Divergence across mitochondrial genomes of sympatric members of the Schistosoma indicum group and clues into the evolution of Schistosoma spindale

Ben P Jones, Billie F Norman, Hannah E Borrett, Stephen W Attwood, Mohammed M H Mondal, Anthony J Walker, Joanne P Webster, P R V Jayanthe Rajapakse, Scott P Lawton*

*Corresponding author for this work

Research output: Contribution to journalArticlepeer-review

1 Citation (Scopus)

Abstract

Schistosoma spindale and Schistosoma indicum are ruminant-infecting trematodes of the Schistosoma indicum group that are widespread across Southeast Asia. Though neglected, these parasites can cause major pathology and mortality to livestock leading to significant welfare and socio-economic issues, predominantly amongst poor subsistence farmers and their families. Here we used mitogenomic analysis to determine the relationships between these two sympatric species of schistosome and to characterise S. spindale diversity in order to identify possible cryptic speciation. The mitochondrial genomes of S. spindale and S. indicum were assembled and genetic analyses revealed high levels of diversity within the S. indicum group. Evidence of functional changes in mitochondrial genes indicated adaptation to environmental change associated with speciation events in S. spindale around 2.5 million years ago. We discuss our results in terms of their theoretical and applied implications.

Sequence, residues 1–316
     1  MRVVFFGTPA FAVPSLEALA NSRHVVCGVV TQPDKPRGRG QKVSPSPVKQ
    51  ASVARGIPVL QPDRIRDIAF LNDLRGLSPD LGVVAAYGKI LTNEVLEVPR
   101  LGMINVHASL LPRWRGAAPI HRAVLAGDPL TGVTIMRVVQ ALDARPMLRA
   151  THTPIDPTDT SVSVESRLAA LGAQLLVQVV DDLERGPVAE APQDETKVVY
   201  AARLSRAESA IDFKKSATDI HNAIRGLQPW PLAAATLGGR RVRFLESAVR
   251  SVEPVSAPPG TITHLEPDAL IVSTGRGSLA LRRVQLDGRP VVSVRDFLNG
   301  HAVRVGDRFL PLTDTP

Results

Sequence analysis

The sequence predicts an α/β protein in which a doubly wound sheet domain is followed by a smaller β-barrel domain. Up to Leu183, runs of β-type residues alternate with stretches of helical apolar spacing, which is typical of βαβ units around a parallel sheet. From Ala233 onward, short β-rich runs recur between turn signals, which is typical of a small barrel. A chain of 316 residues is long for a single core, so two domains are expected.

Original languageEnglish
Article number2480
JournalScientific Reports
Volume10
Early online date12 Feb 2020
DOIs
Publication statusFirst published - 12 Feb 2020
Externally publishedYes

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